Hawaii continues to borrow from the U.S. Treasury Department to cover island unemployment claims but has not figured out how to cover $59.8 million in interest payments that will come due.
The state already borrowed more than $734 million to cover 10-year-high unemployment claims beginning last year that were largely caused by the COVID-19 pandemic — “and we are still continuing to borrow,” Anne E. Perreira- Eustaquio, director of the state Department of Labor and Industrial Labor Relations, told the House Finance Committee on Tuesday.
The state is not obligated to pay back the principle on the original loan, but owes $20.8 million in interest payments that will be due starting March 15, along with additional interest payments of $39 million due in 2023 because of the ongoing loans, said DLIR spokesman Bill Kunstman.
The interest payments to cover unemployment claims represent just one more money problem — with no easy solution — for a state facing annual budget shortfalls of $1.4 billion in each of the next four years.
“The interest starts accruing as of March 15 and due on Nov. 10, 2022, if we still have an outstanding loan,” Kunstman said.
There is no specific plan on how to cover the costs of paying off the interest, but Kunstman said state officials are considering the possibility of issuing bonds and dipping into the state training and unemployment fund.
House Finance Committee Chairwoman Sylvia Luke asked Perreira-Eustaquio whether the federal government — meaning the Treasury and Department of Labor — had waived Hawaii’s interest payments on the loans.
Perreira-Eustaquio responded, “It’s not forgiven. They just delayed it till March. So we still are going to be on the hook for the interest. So far, chair, we don’t have a method to pay that interest.”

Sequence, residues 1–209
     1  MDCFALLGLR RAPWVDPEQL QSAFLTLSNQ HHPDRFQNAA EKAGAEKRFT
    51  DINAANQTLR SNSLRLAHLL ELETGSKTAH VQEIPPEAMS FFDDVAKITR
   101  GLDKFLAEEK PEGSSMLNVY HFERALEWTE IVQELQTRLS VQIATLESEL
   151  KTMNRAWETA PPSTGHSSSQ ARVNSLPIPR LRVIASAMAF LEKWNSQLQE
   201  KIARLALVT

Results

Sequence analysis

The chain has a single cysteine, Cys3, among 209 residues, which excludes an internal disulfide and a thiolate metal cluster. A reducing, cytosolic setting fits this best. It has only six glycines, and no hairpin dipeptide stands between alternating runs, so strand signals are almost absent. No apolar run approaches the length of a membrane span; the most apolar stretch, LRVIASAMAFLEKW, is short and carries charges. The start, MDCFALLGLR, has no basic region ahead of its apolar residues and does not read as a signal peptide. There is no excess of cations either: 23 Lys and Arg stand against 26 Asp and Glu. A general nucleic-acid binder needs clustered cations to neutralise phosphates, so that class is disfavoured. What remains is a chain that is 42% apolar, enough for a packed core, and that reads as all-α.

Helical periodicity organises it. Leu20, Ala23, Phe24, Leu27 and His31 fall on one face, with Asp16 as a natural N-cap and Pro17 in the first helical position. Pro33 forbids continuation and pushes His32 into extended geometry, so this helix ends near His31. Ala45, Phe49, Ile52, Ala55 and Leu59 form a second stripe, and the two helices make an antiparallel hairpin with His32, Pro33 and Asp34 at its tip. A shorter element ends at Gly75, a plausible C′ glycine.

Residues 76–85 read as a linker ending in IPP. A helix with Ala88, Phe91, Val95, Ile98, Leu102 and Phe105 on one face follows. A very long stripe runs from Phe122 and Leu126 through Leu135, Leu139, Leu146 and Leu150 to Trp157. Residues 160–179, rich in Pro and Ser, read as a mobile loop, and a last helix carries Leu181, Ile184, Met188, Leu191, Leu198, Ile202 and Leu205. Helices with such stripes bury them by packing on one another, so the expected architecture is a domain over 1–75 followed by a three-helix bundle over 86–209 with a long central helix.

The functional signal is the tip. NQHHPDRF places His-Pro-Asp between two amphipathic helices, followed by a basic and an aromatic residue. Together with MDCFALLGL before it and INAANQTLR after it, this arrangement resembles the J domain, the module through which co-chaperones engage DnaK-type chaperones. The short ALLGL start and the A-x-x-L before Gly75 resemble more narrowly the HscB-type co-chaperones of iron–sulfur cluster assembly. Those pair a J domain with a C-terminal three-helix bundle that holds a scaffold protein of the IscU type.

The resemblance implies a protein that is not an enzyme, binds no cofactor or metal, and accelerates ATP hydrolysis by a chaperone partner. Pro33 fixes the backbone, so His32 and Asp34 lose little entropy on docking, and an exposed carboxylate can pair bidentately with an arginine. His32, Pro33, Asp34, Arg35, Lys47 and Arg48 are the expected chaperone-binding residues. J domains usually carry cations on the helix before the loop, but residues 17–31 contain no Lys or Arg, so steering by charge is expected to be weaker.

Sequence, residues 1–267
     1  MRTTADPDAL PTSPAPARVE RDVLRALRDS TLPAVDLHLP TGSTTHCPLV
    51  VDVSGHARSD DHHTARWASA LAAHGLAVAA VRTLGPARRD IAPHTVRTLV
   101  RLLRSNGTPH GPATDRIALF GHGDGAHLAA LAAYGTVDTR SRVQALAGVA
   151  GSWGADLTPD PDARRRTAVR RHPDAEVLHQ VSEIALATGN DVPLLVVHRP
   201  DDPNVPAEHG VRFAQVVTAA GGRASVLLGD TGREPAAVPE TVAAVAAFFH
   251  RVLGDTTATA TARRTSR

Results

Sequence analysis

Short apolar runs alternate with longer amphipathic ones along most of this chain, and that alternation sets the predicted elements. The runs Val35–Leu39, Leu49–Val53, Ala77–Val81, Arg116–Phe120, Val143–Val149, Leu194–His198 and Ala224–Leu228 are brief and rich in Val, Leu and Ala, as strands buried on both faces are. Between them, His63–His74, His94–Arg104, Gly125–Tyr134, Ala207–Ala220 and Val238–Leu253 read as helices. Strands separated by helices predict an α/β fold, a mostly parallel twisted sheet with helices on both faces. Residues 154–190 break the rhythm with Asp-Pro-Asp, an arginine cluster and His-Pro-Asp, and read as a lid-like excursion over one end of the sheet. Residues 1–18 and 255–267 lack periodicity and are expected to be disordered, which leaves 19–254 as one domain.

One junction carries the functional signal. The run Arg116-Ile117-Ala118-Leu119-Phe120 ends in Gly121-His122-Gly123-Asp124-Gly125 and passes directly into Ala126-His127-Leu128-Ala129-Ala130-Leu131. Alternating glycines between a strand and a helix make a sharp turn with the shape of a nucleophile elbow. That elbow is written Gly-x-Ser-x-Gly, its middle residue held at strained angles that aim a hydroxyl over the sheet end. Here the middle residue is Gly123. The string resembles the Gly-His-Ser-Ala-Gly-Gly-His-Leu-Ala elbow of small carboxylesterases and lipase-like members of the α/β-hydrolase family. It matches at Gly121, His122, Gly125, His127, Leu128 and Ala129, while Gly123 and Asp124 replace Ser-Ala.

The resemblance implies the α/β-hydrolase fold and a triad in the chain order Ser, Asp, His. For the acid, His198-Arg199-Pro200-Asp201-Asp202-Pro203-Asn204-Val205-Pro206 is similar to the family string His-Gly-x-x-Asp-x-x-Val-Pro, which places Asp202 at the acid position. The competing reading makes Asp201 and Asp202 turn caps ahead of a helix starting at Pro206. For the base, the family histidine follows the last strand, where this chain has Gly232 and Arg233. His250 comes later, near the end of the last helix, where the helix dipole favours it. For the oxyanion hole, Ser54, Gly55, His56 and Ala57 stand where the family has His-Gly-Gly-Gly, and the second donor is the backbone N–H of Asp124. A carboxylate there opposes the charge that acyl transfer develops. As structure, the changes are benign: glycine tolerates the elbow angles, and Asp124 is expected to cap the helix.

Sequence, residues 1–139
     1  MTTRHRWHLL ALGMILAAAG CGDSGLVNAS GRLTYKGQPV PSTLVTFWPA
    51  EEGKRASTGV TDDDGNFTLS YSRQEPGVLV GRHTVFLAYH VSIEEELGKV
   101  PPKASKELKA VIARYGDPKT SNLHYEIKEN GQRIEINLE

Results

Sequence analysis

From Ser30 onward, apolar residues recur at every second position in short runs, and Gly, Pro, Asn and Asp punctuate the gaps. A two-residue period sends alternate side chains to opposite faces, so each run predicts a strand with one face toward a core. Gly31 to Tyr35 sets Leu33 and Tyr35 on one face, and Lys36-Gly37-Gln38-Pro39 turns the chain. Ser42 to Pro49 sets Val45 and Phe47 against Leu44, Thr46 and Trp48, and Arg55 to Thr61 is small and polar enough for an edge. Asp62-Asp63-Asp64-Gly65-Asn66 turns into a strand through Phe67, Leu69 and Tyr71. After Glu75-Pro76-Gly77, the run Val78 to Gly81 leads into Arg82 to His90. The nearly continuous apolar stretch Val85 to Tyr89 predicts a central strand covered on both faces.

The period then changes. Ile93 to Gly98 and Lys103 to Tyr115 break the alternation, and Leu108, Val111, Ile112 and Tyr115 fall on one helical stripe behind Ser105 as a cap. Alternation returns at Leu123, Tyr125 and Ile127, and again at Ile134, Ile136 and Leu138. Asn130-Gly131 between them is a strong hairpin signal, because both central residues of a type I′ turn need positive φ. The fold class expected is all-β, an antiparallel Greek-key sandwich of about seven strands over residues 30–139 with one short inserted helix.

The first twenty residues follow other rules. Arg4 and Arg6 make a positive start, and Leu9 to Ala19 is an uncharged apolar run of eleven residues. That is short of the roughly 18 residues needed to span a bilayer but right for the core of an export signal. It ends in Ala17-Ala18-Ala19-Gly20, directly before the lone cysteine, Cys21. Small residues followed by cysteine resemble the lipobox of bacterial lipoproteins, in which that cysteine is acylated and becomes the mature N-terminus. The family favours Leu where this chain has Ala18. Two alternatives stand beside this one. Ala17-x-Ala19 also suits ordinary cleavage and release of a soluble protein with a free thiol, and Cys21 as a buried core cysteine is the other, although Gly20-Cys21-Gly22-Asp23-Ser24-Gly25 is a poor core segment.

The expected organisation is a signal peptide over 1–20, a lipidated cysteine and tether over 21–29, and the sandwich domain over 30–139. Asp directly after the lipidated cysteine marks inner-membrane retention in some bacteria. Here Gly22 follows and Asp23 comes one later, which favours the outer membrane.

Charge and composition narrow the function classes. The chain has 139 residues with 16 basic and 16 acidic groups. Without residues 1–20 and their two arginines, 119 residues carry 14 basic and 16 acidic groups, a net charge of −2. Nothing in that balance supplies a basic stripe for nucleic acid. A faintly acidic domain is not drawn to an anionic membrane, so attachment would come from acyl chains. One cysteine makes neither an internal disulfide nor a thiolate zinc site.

Not paying the interest likely would mean higher federal taxes for Hawaii businesses, which could lose a Federal Unemployment Tax Act, or FUTA, credit and add pressure on state officials to cover the interest payments.
“If we don’t have a loan and we’re otherwise in conformity with the federal government, employers get a 5.4% tax break on their federal taxes,” Kunstman said.
If not, the percentage on taxable wages that employers have to pay increases, he said.
On its website, the Internal Revenue Service says, “A reduction in the usual credit against the full FUTA tax rate means that employers paying wages subject to UI (unemployment insurance) tax in those states will owe a greater amount of tax. … The standard FUTA tax rate is 6.0% on the first $7,000 of wages. … If a state has outstanding loan balances on January 1 for two consecutive years, and does not repay the full amount of its loans by November 10 of the second year, the FUTA credit rate for employers in that state will be reduced until the loan is repaid.”
Out of the initial $734 million loan, Kunstman said the state has repaid more than $43 million, leaving a balance of $691.5 million on the principle.
The payment came from $3.75 million in employer unemployment contributions and over $39 million in federal CARES Act funds for Hawaii COVID-19 relief.